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Beginner Credit Card Mistakes

I'll let you in on a secret: a successful credit stacker will build relationships with the right banks.

What does any of that mean?

Don’t make these rookie mistakes

Not every bank can set you up for success. It helps to do your homework to know which bank is the best bank to partner with early so you can develop a long-term relationship with them.

Credit Stacking is the process of strategically building lines of credit to get higher utilization – or spending limits – and using that credit to fund your business with 0% interest.

When I got approved for a business credit card with a $50k spending limit and 0% interest, I thought I had made it. That card helped me to scale my business and make money faster.

I didn't need a loan from the bank or a rich relative. This method of business funding also kept me immune from drowning in high interest rates.

Unfortunately, as an entrepreneur trying to get things going, I made a lot of mistakes. I wish I could say the business credit card was my first move. It took me a little more than a year to figure that out. Now that I know what I know, I want to share it with other entrepreneurs so they avoid the mistakes I made.

Some "rookie mistakes" I see people make can have consequences that can potentially lead to your business going under. Learn from my mistakes and maximize the funding for your next big idea.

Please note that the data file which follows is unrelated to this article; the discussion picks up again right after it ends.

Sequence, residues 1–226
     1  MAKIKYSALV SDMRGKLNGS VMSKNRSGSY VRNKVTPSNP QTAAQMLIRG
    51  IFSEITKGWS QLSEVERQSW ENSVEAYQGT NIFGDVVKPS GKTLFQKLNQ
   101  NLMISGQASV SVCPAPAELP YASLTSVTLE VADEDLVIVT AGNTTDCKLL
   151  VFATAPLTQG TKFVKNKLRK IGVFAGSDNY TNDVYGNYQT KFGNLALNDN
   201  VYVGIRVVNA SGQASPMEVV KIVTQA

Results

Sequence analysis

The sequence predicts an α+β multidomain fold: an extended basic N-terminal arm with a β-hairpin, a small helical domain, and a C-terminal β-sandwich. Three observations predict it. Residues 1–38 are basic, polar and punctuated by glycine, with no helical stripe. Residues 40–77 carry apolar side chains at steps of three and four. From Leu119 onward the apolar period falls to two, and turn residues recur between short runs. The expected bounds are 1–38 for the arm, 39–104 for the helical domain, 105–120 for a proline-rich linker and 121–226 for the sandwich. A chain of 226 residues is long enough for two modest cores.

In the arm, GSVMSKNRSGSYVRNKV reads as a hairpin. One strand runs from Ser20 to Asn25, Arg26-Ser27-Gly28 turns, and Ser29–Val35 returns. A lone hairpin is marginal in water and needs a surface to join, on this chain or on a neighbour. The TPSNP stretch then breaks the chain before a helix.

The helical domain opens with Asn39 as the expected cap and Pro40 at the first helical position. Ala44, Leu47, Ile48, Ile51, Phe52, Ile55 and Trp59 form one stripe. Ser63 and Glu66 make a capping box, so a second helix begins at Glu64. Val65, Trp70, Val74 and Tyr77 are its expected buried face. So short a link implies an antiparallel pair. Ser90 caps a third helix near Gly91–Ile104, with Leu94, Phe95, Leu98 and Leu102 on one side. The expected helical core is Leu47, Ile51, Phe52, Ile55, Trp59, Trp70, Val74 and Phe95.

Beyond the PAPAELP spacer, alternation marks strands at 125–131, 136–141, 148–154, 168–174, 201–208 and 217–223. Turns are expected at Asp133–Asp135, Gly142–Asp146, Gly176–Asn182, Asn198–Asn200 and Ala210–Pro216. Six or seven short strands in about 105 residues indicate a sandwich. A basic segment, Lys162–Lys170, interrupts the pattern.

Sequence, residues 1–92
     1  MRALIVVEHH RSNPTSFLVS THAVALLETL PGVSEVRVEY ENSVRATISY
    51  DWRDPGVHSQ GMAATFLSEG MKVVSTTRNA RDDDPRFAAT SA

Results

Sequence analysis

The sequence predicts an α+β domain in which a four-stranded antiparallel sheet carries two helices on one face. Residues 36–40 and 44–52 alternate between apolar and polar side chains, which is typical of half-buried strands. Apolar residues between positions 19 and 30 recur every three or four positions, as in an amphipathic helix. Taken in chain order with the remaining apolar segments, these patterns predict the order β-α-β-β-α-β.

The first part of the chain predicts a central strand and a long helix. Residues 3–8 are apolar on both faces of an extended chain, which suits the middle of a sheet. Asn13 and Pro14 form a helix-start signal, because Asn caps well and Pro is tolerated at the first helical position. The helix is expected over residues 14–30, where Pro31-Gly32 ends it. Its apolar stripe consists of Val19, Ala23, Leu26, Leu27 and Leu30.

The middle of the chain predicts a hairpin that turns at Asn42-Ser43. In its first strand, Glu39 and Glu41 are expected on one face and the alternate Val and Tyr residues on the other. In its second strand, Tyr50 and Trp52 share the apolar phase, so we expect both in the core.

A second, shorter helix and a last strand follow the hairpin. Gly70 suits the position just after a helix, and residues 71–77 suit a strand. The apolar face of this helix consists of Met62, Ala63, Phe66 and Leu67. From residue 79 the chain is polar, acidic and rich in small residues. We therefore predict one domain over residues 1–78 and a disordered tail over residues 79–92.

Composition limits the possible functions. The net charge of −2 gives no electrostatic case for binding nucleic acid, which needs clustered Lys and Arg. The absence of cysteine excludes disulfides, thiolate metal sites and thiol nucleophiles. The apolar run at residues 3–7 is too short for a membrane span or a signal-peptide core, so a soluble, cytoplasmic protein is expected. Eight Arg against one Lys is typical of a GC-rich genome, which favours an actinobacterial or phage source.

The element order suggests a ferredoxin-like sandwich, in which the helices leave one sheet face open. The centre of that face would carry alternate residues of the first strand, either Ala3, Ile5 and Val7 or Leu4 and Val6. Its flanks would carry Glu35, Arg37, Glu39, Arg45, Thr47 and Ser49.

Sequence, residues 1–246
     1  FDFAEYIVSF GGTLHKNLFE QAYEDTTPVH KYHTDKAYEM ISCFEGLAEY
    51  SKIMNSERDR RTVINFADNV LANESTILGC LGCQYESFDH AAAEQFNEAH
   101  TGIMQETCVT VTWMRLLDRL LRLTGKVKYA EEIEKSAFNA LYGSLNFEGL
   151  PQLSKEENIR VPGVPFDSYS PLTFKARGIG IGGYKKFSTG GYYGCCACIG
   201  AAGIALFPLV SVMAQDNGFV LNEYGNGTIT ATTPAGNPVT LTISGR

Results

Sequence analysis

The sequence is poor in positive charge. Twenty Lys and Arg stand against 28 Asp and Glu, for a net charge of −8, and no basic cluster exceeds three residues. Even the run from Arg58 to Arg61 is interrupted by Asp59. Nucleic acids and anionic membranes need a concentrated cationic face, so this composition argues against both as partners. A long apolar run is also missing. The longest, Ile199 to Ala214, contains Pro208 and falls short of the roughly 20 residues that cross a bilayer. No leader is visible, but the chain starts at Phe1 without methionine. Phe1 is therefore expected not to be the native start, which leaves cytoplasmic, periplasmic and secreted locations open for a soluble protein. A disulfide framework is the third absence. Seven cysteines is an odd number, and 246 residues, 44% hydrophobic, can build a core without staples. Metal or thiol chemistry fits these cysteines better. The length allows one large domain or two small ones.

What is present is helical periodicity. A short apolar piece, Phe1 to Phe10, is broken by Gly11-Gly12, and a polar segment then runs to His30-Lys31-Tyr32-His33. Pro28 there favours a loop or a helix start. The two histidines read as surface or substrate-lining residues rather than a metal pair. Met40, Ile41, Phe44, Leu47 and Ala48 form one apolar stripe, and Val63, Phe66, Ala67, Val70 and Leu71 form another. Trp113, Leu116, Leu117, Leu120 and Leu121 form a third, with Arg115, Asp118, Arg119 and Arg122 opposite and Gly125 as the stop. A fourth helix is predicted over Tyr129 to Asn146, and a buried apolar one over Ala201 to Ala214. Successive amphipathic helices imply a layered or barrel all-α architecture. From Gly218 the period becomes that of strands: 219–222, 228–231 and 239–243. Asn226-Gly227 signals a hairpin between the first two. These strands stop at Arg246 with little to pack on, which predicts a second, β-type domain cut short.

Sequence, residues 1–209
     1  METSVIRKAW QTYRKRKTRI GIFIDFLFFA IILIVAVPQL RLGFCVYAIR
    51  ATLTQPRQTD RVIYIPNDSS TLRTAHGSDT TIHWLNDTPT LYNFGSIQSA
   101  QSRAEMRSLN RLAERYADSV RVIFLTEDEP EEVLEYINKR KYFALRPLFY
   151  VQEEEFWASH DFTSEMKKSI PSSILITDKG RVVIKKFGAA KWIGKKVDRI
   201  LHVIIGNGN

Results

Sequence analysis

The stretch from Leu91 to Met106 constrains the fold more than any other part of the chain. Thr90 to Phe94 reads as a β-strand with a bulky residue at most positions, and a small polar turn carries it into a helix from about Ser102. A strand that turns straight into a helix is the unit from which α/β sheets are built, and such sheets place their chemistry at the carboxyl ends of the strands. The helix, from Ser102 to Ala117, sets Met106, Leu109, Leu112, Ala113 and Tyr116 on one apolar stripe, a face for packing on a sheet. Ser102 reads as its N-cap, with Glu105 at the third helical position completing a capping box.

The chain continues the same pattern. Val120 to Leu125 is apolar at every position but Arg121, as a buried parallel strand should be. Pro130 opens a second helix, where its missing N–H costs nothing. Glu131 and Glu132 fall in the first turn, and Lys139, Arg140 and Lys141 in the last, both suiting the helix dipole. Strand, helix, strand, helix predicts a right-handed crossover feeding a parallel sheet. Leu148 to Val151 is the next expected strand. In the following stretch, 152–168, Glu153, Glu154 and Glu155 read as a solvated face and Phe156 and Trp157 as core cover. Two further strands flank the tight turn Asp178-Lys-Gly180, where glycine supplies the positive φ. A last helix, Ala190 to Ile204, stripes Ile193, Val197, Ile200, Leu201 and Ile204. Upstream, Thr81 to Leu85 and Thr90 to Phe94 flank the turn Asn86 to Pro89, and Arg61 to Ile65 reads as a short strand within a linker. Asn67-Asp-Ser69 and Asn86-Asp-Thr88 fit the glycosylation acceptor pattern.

Invest your relationships with the right banks

The simple solution to this is doing your research. Find out what the banks offer with their credit cards and if they fit your goals.

There are some cards I don't even bother with because they don't have the benefits needed for effective credit stacking, like 0% interest or a decent points system.

In my Credit Stacking mentorship, I always recommend people start with Chase bank. I personally love Chase cards. They have the best reward programs for both personal and business credit and are the easiest to get high utilizations early on in your credit journey.

Planning your credit journey

To get a high utilization on your business credit card, – which is where you get the money to fund your business – you need to have experience with your personal cards.

Sometimes when people try to apply for business credit, they use a retail credit card like Old Navy or America Eagle. I can promise you, this will not get you far.

Having multiple lines of credit and a relationship with one or more of the major banks is something I recommend in my mentorship. As I mentioned before, start with Chase bank.

If you don't have any credit cards in your name, see if you can become an authorized user on a relative's card so you have a bit of a boost when getting started.

If you need more confidence in your credit score, that's OK, we can help you improve that so you can make the steps to become more qualified for a business credit card.

Take responsibility for your credit journey

Whether you start after reading this blog, or a week from now, make sure you're being responsible. Missing payments on your credit cards can almost always kill your chances of getting approved for a high-utilization credit card.

Setting up auto-pay can and will be a lifesaver for you as you open more and more lines of credit.

Be sure to also spend within your means. Just because you have a $50K credit card doesn't mean you can spend it all and forget about it.

Take the money you earn from your business and pay off your cards quickly. Don't become an ironic case where you go broke while trying to get rich!

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